Thoughts for Food #16

Food for Thought:  Potato late blight 

LateBlightDo you know what caused the Irish potato famine in the 1840s and 1850s?

Did you know these problems caused massive hunger, distress, and resulted in mass emigration from the region for many years?

Did you also know that this disease can still be a concern if not properly managed?

And that the fungus which caused the Irish potato famine is still attacking!  It can cause serious problems for potato, tomato, eggplants and other solanaceous crops today.  Phytophthora infestans (appropriate name since it “infests”) is the cause of potato late blight; it is a fast moving, community disease, which growers (as well as home gardeners and garden center managers) must take seriously and manage properly to ensure a healthy, adequate food supply.

The growers in the Central Sands region of Wisconsin are using innovative pest management techniques to combat this very persistent fungus.  First, growers ensure that all seed is clean and disease-free to prevent the introduction of the fungus into the fields.  By WI state law, any growers, homeowners and/or garden centers are required to get rid of any signs and sources of late blight before the start of the growing season and ensure that any and all left over potatoes are destroyed of by April 15th each year.

Next, growers use a sophisticated weather and disease forecasting model that indicates when in the season growers should begin applying crop protectant materials to limit late blight from developing in fields.  This forecasting model ( Blightcast,) calculates disease severity values, which accumulate when conditions are right for disease development, usually  during high temperatures, high humidity and rain.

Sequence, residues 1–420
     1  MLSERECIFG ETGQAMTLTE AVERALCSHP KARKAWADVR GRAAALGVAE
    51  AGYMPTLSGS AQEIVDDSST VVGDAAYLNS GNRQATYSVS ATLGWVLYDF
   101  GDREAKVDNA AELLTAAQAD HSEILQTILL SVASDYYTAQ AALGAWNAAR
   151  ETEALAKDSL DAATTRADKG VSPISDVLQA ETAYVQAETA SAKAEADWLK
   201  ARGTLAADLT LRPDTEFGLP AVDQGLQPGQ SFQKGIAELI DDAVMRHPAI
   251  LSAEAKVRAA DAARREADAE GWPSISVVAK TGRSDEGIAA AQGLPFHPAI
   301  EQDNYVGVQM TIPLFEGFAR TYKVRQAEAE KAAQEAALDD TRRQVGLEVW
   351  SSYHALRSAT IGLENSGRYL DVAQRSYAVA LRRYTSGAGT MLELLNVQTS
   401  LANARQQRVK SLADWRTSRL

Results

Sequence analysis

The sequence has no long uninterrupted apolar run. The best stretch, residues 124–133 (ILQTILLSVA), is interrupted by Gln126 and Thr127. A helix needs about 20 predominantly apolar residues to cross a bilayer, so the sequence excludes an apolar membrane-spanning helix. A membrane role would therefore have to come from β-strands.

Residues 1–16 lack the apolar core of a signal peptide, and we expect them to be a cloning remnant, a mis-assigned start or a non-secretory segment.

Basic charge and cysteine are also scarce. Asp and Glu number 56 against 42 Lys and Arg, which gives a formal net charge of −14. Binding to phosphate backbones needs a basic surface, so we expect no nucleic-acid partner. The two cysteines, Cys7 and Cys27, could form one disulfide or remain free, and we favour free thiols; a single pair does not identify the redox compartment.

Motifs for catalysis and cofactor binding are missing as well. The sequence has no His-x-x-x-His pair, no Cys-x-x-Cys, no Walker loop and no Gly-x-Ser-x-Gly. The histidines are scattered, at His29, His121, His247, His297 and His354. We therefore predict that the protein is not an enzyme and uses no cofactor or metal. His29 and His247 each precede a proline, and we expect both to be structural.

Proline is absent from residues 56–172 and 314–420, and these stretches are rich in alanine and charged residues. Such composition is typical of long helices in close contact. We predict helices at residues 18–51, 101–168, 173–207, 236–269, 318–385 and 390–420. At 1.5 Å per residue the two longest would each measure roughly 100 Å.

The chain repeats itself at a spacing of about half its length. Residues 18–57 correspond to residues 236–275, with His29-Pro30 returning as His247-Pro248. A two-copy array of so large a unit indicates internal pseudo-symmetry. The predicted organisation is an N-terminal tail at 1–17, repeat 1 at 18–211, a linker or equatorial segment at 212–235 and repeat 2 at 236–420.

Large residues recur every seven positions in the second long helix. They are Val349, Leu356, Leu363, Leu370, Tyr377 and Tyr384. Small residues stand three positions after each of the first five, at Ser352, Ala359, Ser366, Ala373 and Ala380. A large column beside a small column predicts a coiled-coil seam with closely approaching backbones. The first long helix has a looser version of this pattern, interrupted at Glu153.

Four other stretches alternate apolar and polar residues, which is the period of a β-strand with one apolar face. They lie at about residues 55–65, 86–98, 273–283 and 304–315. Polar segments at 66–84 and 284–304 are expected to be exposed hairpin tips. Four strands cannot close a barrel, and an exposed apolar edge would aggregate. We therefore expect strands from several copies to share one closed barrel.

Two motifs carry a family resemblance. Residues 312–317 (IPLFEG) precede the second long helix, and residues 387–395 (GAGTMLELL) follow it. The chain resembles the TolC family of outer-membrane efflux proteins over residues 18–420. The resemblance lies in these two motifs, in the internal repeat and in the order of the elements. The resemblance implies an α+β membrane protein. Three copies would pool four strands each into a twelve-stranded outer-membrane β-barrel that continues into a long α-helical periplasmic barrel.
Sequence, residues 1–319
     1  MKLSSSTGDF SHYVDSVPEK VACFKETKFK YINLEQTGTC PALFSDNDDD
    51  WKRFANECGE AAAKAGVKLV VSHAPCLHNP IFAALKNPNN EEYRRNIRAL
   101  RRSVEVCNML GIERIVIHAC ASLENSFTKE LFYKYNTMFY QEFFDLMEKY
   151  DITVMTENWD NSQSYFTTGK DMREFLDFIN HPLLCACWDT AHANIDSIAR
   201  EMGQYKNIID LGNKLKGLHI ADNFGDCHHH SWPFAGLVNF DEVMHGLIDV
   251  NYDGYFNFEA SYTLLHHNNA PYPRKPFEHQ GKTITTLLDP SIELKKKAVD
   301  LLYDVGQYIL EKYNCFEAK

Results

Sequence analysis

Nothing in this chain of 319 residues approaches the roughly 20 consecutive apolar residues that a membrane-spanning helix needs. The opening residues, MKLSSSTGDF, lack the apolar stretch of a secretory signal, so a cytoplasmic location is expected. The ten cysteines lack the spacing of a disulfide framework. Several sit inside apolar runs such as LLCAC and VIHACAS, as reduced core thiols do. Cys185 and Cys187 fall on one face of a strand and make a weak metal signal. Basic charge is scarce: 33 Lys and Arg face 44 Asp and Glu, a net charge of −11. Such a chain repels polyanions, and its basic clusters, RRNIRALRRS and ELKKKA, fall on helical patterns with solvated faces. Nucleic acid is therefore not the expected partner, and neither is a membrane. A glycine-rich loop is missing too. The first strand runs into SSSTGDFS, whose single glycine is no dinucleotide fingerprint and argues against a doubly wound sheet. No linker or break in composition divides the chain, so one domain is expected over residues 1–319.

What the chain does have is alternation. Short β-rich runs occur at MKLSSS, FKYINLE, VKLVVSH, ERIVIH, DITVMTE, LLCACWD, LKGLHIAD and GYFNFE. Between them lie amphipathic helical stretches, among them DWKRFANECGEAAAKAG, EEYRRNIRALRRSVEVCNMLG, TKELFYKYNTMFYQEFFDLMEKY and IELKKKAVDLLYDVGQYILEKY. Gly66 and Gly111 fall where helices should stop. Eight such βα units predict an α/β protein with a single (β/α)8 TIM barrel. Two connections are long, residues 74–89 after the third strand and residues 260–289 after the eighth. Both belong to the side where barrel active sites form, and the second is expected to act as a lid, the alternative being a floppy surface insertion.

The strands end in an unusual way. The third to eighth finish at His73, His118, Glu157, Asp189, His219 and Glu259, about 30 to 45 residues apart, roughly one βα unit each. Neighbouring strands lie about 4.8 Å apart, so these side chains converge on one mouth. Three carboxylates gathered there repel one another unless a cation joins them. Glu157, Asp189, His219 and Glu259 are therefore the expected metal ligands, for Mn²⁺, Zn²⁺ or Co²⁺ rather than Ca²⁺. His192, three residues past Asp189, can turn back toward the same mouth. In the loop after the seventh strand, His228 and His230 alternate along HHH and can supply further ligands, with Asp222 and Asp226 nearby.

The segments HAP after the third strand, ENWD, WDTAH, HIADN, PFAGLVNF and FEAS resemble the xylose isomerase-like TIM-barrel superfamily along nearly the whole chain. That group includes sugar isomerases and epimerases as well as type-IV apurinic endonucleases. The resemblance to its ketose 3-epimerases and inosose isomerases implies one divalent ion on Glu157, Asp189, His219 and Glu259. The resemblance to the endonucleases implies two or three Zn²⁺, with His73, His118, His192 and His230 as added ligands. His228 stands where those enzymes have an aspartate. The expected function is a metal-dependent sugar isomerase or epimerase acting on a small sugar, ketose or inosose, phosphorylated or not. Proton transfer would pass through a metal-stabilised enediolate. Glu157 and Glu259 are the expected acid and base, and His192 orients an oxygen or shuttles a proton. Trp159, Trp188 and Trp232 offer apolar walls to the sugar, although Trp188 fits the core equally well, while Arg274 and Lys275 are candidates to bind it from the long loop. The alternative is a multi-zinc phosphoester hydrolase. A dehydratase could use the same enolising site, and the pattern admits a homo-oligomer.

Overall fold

Since late blight can cause devastation to the crop throughout the whole region, growers will proactively destroy large portions of fields if late blight it found.  This is the only effective way to stop the disease from spreading; growers will lose more if they let it spread to other fields and neighboring locations. Growers also worry spreading the disease themselves as they move from field to field and routinely clean and sanitize all equipment , even their own boots, before entering  fields to avoid spreading the fungal spores.

Since late blight is a community disease, growers actively discuss late blight occurrences with regional growers, home garden centers, neighboring growers and home gardeners.   UW-Madison Plant Pathologist Amanda Gevens sends out state-wide updates on when to expect problems and then alerts growers to what locations the disease has been documented and how severe the outbreak is.  She actively discusses late blight concerns with local media to ensure that the general public is aware of the potentially devastating effects of this serious disease; gardeners are encouraged to destroy garden areas quickly if infection is found to protect other homeowners and local farmers. In recent years, the late blight fungus has been imported into Wisconsin on tomato plants sold in local garden centers and farmers markets, so it is critical that the public is aware of late blight.  We must realize that this is a community-wide problem, which requires everyone who grows plants that can host late blight to be watchful and ready to act!  Our food security is too important to be placed at risk by failing to act quickly when danger threatens. The Irish had little knowledge of what the disease was in the 1800s and no weapons to fight it and the resulting famine had tragic global consequences. The disease is still with us but science has now provided us with the tools to fight it and it is essential that everyone in the community joins the battle.

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